Josh Hazlewood has moved to explain Australia's divisive tactic of bowling short to tail-enders all throughout the summer of cricket, with damning statistics showing it hasn't worked. We saw Pat Cummins order his fast bowlers to barrage the tail-enders with bouncers on numerous occasions against Pakistan, and it continued in the first Test against the West Indies.
The tactic has paid off a couple of times, but on the whole it has categorically backfired. In the first Test against the West Indies in Adelaide, No.11 batter Shamar Joseph made 36 off 41 in the first innings, and 15 off 12 in the second.
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The 51 runs marked the most an Australian team has conceded to a No.11 batter since Andy Caddick made 55 at Edgbaston in 2001. In the first innings, Joseph and Kemar Roach put on a 55-run partnership for the 10th wicket - which marked the Windies only 50-run stand of the match.
In the second dig they once again hung around and put on 26 - making Australia bat again to win the match. There were similar scenes in the third Test against Pakistan at the SCG earlier this month when Aamir Jamal and Mir Hamza combined for an 86-run partnership at the end of the innings. Jamal took particular liking to the bouncer barrage and deposited Hazlewood for a number of sixes.
Across the whole summer so far, the 10th-wicket partnership has made the highest average score against Australia (24.37). And over the last 12 months, Australia has conceded the highest average score against 10th-wicket partnerships in world cricket (19.71). Second on that list list is the Windies (16.75), followed by England (13.67), New Zealand (12.9) and South Africa (12.57).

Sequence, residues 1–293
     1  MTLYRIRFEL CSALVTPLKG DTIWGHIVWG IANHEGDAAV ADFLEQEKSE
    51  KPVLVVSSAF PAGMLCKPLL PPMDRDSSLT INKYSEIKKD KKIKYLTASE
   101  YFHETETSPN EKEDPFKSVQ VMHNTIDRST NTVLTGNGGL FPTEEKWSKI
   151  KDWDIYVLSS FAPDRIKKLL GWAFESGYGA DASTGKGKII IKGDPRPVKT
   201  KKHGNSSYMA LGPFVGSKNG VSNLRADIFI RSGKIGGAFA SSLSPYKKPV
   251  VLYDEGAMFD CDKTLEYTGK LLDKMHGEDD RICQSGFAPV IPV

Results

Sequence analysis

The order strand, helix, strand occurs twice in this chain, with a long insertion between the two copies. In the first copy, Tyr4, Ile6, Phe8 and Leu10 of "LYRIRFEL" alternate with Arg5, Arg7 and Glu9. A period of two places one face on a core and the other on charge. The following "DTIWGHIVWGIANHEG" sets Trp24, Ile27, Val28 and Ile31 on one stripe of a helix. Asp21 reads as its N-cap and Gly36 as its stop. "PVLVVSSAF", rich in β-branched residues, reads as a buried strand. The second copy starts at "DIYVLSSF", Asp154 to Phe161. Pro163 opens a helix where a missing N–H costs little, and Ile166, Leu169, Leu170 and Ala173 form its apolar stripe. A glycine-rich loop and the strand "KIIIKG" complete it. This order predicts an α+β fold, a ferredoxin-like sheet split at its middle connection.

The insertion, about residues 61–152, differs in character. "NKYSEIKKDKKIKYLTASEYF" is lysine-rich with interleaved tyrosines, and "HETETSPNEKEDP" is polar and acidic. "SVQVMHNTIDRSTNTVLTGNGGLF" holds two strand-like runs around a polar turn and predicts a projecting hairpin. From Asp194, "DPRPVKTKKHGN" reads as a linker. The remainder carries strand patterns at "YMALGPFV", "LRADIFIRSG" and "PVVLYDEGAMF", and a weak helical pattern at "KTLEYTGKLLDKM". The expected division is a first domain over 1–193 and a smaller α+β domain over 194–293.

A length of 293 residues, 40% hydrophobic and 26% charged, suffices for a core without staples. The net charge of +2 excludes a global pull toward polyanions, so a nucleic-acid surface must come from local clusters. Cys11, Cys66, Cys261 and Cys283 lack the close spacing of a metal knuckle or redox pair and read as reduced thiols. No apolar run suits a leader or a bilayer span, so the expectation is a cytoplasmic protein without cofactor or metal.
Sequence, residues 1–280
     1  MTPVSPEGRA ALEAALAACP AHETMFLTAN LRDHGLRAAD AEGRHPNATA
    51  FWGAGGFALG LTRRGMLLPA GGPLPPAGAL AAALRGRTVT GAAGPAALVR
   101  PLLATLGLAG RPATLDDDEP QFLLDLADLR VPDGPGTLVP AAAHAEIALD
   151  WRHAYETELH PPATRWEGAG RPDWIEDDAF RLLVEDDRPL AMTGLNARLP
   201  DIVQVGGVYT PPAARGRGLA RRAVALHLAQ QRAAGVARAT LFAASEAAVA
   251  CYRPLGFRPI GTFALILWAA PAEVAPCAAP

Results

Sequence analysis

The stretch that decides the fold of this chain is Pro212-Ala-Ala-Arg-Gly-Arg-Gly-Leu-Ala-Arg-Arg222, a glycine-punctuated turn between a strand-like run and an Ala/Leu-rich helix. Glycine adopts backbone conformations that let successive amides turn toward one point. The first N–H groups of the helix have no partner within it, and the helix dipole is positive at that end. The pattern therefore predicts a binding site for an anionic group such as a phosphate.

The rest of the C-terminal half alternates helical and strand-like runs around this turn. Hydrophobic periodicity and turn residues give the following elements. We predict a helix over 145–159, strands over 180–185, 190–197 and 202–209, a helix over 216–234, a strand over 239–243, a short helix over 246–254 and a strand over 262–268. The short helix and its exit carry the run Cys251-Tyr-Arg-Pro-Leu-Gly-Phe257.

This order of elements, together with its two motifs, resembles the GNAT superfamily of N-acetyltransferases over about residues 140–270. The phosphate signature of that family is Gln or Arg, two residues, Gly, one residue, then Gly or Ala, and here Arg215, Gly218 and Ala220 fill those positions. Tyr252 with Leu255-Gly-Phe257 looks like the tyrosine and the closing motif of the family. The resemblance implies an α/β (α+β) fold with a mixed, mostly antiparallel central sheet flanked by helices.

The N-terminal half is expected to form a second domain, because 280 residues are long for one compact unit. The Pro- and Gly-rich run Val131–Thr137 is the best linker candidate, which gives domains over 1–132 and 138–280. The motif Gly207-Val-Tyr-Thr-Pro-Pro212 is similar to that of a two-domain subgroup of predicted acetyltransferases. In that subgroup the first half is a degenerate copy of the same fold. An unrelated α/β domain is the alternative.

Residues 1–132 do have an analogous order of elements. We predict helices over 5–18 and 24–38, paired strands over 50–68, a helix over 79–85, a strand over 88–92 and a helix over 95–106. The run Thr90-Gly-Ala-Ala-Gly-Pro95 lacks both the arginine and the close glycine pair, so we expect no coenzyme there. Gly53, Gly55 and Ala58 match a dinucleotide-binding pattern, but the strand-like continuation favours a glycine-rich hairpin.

The tenth-wicket partnership is now the highest averaging against Australia this summer pic.twitter.com/EOinS7Rheo
— Ethan (@ethanmeldrum_) January 19, 2024
Josh Hazlewood defends bowling short to the tail
A damning graphic on Channel 7 showed that just one ball out of 83 bowled to Joseph and Roach during the first innings partnership would have hit the stumps. Hazlewood tried to explain the rationale on Friday, saying: “I think all the bowlers can just bat these days. They can all hang on to it. They’ve all got good confidence. They’ve got a couple of shots.
“Often the best ball to the top six is probably the easiest ball to slog sometimes. So it’s just maybe mixing it up a bit more. Obviously the bouncer plays a part, so it’s just sequencing those balls, working them out.”
Mitch Marsh defended the tactic after the SCG Test, saying: "You've always got to back in what you're doing, certainly when you're bowling to a tail-ender. He (Jama;) could easily hit one of those straight up and we weren't necessarily waiting for that to happen, but I honestly think he batted unbelievably well. We saw a potential weakness to the short ball last game, the ball got old, slower wicket and he played exceptionally well. It was hard work."
The bouncer barrage might need to be put in the bin if it keeps going the way it has. The Aussies will face the Windies in one more Test (in Brisbane starting on Thursday), before heading to New Zealand for a two-Test series at the end of February.
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